On Thursday mornings at St. Martin’s Episcopal Church, you’ll find a group of volunteers in a room packing up bags of food. These volunteers start their day early, packing up all the necessities – proteins, fruits, vegetables – to hand out to those in need over the weekend.
These volunteers are working for the Suthers Center for Christian Outreach, a community organization that offers food assistance, emergency assistance, and more. The food pantry, which now operates out of St. Martin’s, was located in Oglethorpe Presbyterian Church in the 1970s. More than 30 years later, the pantry moved into the Suthers Center, according to the center’s website.
The Suthers Center is named for Father Derwent Suthers, a former priest at St. Martin’s. The center was founded by numerous volunteers, including the previous St. Martin’s Rector John McCard, and arose out of a partnership with three other churches in the area: Brookhaven Christian, Brookhaven First United Methodist, and Oglethorpe Presbyterian.
“He was always primarily concerned with the poor and what the church should be doing for the poor,” said Mary Jo Sibbald, executive director of the Suthers Center.
For years, the Suthers Center was located on Broad Street in Chamblee, operating as a thrift shop that provided clothes, food, emergency assistance, and more to residents in the area. But when the COVID-19 pandemic hit in March of 2020, the Broad Street location was forced to shut down.
“Because of COVID and rising prices for rent, we closed the center in March of 2020,” Sibbald said. “It took us several months until September when we were able to work with our new rector … to get the pantry here.”
Rev. Monica Mainwaring, the rector for St. Martin’s, started at the church in August of 2019, long before COVID-19 changed everything. She said that when the thrift shop initially shut down, everyone thought it would just be for the short term. But eventually, St. Martin’s became the new home for the food pantry.
“At that point, recall [that] society and the government was saying just stay home a couple of weeks,” Mainwaring said. “In September 2020, we were able to reopen with good volunteers and a whole lot of safety protocols.”
The room at St. Martin’s where the food pantry is located is set up and spaced out in a way to keep volunteers as COVID safe as possible. Every Thursday, volunteers drive a van to the Atlanta Community Food Bank to pick up their order and bring it back to the pantry. Other partners, such as Second Helpings Atlanta – a nonprofit that gathers healthy, surplus food from grocery stores and distributes it to those in need – will deliver food to the pantry as well. Bagel Rescue – a nonprofit that takes leftover bagels from restaurants and redistributes them – will stop by on weekends.
On Saturday mornings, volunteers reconvene to hand out food bags from 8-10 a.m. Since the pantry started during the pandemic, everything is done outside in a drive-thru fashion. Lauren Bacon, the director of the food pantry, said even though mask mandates have largely ended, Suthers volunteers are still asked to wear them.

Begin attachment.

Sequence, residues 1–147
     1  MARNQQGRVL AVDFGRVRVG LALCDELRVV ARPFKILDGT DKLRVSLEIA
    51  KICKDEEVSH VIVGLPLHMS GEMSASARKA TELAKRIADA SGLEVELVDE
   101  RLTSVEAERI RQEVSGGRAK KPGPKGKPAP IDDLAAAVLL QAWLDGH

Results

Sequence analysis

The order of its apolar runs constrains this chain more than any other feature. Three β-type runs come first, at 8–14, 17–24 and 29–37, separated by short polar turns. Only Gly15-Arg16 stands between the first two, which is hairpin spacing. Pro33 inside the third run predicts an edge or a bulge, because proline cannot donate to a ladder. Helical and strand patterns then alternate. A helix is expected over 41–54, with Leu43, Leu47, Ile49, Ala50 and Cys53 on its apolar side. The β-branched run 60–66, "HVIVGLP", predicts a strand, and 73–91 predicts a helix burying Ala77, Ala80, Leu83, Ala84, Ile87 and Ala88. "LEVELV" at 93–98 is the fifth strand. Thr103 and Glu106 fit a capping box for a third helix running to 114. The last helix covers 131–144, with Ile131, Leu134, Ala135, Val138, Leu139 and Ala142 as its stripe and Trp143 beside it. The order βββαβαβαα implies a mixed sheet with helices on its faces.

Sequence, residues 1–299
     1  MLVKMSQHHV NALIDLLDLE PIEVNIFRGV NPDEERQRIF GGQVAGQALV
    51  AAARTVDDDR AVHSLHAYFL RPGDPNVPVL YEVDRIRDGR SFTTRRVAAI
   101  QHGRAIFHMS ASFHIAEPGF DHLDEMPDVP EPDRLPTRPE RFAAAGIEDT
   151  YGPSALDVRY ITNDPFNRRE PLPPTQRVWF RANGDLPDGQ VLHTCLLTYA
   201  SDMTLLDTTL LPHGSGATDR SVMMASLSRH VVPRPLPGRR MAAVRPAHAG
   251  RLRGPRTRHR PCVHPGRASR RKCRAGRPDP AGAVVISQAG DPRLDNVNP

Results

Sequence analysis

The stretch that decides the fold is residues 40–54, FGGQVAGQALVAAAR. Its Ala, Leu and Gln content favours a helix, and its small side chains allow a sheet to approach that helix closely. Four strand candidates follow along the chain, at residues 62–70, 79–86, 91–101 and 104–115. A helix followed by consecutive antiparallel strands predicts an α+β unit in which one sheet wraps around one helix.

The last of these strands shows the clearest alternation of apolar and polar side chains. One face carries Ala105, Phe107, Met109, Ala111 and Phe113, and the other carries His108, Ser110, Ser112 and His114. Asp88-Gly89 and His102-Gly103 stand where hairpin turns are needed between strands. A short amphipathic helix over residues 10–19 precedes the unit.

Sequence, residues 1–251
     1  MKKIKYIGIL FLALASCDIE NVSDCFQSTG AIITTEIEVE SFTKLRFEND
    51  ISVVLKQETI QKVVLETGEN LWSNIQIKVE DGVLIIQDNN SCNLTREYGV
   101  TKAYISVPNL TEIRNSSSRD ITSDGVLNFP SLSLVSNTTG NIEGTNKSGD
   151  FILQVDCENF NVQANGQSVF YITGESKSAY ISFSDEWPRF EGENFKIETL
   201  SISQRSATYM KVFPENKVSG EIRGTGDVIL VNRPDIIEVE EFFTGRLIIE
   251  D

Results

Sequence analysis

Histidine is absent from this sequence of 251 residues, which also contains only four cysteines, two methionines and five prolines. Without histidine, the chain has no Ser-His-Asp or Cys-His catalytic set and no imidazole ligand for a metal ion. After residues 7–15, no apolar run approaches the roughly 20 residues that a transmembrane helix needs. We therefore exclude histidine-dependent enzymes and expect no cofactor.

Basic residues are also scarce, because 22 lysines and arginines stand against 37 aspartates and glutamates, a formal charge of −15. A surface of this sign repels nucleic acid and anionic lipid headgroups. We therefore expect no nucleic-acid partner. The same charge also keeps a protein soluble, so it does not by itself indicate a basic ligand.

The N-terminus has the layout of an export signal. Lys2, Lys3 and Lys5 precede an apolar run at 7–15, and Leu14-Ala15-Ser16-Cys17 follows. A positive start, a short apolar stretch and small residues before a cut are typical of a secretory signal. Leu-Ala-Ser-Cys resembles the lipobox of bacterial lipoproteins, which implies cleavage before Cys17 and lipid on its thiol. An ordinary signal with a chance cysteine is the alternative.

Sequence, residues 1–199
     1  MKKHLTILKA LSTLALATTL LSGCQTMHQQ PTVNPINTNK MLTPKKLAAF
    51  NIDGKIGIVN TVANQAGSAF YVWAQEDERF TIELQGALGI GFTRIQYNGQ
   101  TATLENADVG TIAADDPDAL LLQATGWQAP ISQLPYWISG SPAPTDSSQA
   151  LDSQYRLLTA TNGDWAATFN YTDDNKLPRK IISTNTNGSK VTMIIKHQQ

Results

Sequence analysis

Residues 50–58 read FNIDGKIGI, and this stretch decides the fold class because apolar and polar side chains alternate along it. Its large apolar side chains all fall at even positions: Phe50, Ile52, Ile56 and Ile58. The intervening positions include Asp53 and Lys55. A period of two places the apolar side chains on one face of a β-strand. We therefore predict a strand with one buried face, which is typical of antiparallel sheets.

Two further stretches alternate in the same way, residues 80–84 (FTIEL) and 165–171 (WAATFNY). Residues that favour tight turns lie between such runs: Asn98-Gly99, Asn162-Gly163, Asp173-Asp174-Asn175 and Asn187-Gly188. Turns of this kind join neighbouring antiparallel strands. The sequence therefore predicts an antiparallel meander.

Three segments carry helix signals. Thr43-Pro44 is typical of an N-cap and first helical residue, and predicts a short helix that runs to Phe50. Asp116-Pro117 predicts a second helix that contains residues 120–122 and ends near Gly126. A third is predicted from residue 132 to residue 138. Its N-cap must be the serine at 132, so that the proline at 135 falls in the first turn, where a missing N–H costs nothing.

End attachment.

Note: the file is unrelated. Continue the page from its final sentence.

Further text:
“We decided we’re not running the risk,” Bacon said.
Bacon said that during COVID-19, the Suthers Center saw an uptick of people in need of food services. On average, the Suthers Center might hand out a weekly total of 165 bags feeding two people each, she said. During pandemic heights, the highest they ever got up to was 300 bags a week.
“During that time, a lot of pantries closed,” Bacon said. “So we had to absorb some of that.”
After the food pantry re-opened at St. Martin’s, it took the Suthers Center a little while longer to get back to offering some of their other emergency services. But now, on Saturday mornings while the food pantry is in motion, other volunteers assist walk-up clients with paying phone bills, utilities, or other emergency needs.
“We have an average of, I would say, 15 families we serve every Saturday morning,” Sibbald said. “Those are the walk-ups, and that’s what we hope to get back to.”
Sibbald said she hoped that the Suthers Center would be able to get back to being a one-stop shop in the future, with the food pantry, thrift shop, and emergency services all in one place.
“We like the center and we hope to get back to it,” she said. “Because we like all of our services under one roof.”
Mainwaring said the center is working through questions about what its future looks like, but like Sibbald, a lot of people like the idea of returning to a “one-stop model.” She said one of the key aspects moving forward for the center will be location and making sure people can access the services they need.
“For us, location has been key in order to make sure that clients could access services,” Mainwaring said. “What we found is that yes, there are plenty of people who have needs that are making their way to [St. Martin’s]. We wonder about the people who don’t have vehicles or a way to make use of a vehicle on a Saturday. So there’s still that imagining of, is there a future home for us?”
Correction: a previous version of this article incorrectly named Suthers as the founder of the center. It was named for Suthers, but he did not create it.